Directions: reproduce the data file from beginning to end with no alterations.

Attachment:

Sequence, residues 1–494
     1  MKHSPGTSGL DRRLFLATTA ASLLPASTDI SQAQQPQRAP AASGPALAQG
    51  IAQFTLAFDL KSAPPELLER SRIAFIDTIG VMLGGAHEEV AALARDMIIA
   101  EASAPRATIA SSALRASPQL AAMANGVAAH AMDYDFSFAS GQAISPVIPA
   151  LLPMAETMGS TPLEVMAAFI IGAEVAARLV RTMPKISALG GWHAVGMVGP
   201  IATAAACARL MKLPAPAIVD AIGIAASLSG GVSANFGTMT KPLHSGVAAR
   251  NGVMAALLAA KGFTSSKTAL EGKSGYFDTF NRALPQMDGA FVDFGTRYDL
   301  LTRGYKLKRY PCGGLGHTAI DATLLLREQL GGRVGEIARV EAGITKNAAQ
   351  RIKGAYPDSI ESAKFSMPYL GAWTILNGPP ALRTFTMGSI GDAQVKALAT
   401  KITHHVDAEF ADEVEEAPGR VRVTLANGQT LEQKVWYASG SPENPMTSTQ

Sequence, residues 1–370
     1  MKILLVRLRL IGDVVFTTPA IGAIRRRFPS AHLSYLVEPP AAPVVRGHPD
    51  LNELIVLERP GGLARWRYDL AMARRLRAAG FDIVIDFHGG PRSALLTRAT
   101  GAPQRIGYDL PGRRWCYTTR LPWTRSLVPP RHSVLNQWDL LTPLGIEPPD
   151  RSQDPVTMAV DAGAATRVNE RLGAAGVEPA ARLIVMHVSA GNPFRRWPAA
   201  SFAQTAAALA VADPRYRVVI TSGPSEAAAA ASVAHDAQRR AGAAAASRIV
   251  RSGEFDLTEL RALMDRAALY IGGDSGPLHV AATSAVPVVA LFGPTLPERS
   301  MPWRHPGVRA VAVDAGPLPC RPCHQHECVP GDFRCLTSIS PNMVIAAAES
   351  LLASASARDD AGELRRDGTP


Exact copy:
Sequence, residues 1–494
     1  MKHSPGTSGL DRRLFLATTA ASLLPASTDI SQAQQPQRAP AASGPALAQG
    51  IAQFTLAFDL KSAPPELLER SRIAFIDTIG VMLGGAHEEV AALARDMIIA
   101  EASAPRATIA SSALRASPQL AAMANGVAAH AMDYDFSFAS GQAISPVIPA
   151  LLPMAETMGS TPLEVMAAFI IGAEVAARLV RTMPKISALG GWHAVGMVGP
   201  IATAAACARL MKLPAPAIVD AIGIAASLSG GVSANFGTMT KPLHSGVAAR
   251  NGVMAALLAA KGFTSSKTAL EGKSGYFDTF NRALPQMDGA FVDFGTRYDL
   301  LTRGYKLKRY PCGGLGHTAI DATLLLREQL GGRVGEIARV EAGITKNAAQ
   351  RIKGAYPDSI ESAKFSMPYL GAWTILNGPP ALRTFTMGSI GDAQVKALAT
   401  KITHHVDAEF ADEVEEAPGR VRVTLANGQT LEQKVWYASG SPENPMTSTQ

Sequence, residues 1–370
     1  MKILLVRLRL IGDVVFTTPA IGAIRRRFPS AHLSYLVEPP AAPVVRGHPD
    51  LNELIVLERP GGLARWRYDL AMARRLRAAG FDIVIDFHGG PRSALLTRAT
   101  GAPQRIGYDL PGRRWCYTTR LPWTRSLVPP RHSVLNQWDL LTPLGIEPPD
   151  RSQDPVTMAV DAGAATRVNE RLGAAGVEPA ARLIVMHVSA GNPFRRWPAA
   201  SFAQTAAALA VADPRYRVVI TSGPSEAAAA ASVAHDAQRR AGAAAASRIV
   251  RSGEFDLTEL RALMDRAALY IGGDSGPLHV AATSAVPVVA LFGPTLPERS
   301  MPWRHPGVRA VAVDAGPLPC RPCHQHECVP GDFRCLTSIS PNMVIAAAES
   351  LLASASARDD AGELRRDGTP